This article is part of the fracking series put together by Frack Free LS26.
Hutton Energy has recently bought the license to complete exploratory fracking drills across south Leeds, including in Middleton and Belle Isle, and much of the surrounding area. This series of articles hopes to educate people about the risks of fracking, and to encourage people to support the local community campaigns against the industry.
To understand the affect fracking has on climate change we must understand what causes climate change and also understand what fracking is:
It is widely accepted today that global warming is occurring, and that it is as a result of certain gases that trap heat within the atmosphere. These gasses are known as greenhouse gases and include carbon dioxide and methane. Of these methane is up to 34 times more damaging than carbon dioxide.
Deep underground there are layers of rock with pockets of gases. Hydraulic fracturing, or fracking, is a process that involves pumping sand, water and chemicals into these rocks underground to break them apart, so that the pockets of gas can be collected up and used to create electricity.
It is often stated that fracking is cleaner that burning coal, since burning gas releases less carbon dioxide into the atmosphere than burning coal does. However, this does not compare the industries as a whole. Research from East Texas and North Dakota shows that 9-10% of fracking wells leak methane. A report published by the National Academy of Sciences in the US stated natural gas as an energy source for electricity production is less of a contributor to global warming than coal only if less than 3.2 percent of methane escapes during production. Recent measurements estimate that up to 17.3 percent of methane escapes so fracking is as bad as, or worse, than coal in accelerating the affects of climate change.
It should be pointed out that both gas and coal contribute to global warming and that ideally we shouldn’t use either to create electricity. Frack Free are campaigning the government to focus on transferring from coal and gas to renewable energy, such as solar or wind. There are two ways that they are campaigning for this:
- Persuading the government to increase the subsidies on renewable energy (make them cheaper), and reduce the subsidies on other energy sources (make them more expensive).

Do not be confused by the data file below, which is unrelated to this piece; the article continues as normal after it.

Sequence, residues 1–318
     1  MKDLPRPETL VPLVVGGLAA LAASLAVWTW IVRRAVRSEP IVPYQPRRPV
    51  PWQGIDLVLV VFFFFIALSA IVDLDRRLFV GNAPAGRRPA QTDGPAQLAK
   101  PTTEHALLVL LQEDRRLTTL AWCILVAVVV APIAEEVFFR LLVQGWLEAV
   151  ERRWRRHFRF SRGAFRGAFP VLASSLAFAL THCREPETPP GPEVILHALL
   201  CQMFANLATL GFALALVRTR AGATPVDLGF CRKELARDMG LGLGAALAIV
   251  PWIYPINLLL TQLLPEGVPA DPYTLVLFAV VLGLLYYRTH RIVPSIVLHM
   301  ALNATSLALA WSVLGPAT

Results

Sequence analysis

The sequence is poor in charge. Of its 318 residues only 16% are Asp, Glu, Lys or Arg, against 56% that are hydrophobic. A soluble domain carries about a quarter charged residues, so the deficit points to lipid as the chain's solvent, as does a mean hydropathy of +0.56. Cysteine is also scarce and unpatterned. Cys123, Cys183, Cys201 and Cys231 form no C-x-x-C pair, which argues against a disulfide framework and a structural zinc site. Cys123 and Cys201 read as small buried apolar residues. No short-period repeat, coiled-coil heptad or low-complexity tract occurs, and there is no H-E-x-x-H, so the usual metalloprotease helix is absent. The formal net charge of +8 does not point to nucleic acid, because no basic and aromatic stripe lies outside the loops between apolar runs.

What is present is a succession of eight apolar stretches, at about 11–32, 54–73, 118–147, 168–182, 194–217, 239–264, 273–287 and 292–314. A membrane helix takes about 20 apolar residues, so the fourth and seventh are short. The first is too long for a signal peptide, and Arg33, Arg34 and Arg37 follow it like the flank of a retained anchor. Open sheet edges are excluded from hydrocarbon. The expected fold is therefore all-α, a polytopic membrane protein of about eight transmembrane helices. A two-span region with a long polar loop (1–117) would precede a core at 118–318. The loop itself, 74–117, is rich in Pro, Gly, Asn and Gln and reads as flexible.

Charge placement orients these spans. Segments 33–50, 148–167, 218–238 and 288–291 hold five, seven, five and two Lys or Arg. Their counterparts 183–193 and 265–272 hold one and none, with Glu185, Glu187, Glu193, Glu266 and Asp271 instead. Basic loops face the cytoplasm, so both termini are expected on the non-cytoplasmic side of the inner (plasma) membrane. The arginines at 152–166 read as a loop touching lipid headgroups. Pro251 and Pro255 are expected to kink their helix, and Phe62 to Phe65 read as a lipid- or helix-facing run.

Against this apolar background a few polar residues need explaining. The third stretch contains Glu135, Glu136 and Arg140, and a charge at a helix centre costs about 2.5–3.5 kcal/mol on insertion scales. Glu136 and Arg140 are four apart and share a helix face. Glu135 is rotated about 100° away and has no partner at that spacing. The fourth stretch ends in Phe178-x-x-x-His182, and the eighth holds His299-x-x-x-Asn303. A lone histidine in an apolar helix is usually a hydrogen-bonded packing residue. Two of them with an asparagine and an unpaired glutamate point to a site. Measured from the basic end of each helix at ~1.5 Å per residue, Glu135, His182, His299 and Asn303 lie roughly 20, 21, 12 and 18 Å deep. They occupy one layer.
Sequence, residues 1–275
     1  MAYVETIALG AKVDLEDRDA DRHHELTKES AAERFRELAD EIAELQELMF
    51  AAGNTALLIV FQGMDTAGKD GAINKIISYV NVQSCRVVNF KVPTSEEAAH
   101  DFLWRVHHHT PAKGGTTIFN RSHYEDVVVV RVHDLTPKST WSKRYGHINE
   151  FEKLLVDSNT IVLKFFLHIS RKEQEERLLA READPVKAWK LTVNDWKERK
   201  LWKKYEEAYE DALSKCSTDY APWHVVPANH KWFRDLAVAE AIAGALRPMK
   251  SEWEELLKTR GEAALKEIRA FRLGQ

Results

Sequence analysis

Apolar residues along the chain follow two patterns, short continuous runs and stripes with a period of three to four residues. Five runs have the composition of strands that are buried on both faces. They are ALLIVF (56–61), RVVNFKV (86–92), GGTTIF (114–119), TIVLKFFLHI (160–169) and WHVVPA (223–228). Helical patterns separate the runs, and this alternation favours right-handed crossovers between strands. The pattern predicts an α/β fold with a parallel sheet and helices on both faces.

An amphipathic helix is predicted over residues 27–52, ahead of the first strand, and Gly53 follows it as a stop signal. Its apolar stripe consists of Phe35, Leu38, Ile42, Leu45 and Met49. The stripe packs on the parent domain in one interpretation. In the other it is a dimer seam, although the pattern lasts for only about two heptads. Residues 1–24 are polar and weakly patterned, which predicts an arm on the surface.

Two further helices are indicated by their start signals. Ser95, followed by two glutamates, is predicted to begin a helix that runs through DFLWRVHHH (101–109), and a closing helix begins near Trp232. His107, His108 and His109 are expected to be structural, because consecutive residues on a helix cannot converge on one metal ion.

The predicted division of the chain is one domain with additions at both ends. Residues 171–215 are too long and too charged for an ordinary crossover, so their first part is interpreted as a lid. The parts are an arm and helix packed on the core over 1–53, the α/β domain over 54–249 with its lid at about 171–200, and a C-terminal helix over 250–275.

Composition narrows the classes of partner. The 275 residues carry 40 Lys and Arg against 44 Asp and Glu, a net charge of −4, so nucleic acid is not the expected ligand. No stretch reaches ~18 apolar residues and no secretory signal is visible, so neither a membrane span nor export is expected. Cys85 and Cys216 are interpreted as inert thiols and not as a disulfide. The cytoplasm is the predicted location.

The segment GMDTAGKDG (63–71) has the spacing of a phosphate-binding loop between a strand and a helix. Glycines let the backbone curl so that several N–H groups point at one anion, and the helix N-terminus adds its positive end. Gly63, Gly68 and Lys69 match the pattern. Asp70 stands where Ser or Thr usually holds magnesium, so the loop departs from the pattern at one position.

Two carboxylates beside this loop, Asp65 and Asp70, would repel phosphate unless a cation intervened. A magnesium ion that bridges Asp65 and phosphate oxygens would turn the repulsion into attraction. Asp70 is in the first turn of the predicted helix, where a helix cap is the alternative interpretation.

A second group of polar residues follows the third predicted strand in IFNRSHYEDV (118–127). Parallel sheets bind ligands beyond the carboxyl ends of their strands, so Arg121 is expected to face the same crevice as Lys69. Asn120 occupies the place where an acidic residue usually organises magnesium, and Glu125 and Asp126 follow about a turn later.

- Supporting local groups to create their own community renewable energy schemes such as Repower Balcombe. Having campaigned against a fracking application in the area the town also created community-owned solar power generation.
Please look out for future articles in the Fracking series.
If you are interested in participating in the Anti-fracking campaigns please join one of the following:
Frack Free Leeds (also the point of call if you want to set up a local group): email@example.com; www.facebook.com/FrackFreeLeeds/
Frack Free LS26 (Woodlesford / Oulton based): www.facebook.com/groups/FrackFreeLS26/
If you’re an engineer (all disciplines welcome) please join a new venture to get a national, professional campaign against fracking. Engineers against Fracking: www.facebook.com/Engineers-against-fracking-930181560397829/
This post was written by Becky Ford using our Create an article for South Leeds Life page.
One Reply to “Fracking and climate change”
So, you want the government to subsidise more unreliable and inefficient sources of energy production over conventional, reliable ones, and actually ‘make them more expensive’ – at least you’re honest in your desire to hit the consumer, whose wellbeing you pretend to care about.
And, as part of that, you want to move away from large scale energy production to ‘community renewable energy schemes’ – which would be additionally unreliable, inefficient, and uneconomical but, thankfully, unrealistic. Energy production is only economical on a large scale, which is why the development of a national grid was seen as crucial to a modern economy, and celebrate as such. Solar and wind add little to that, so you want rid of the grid.
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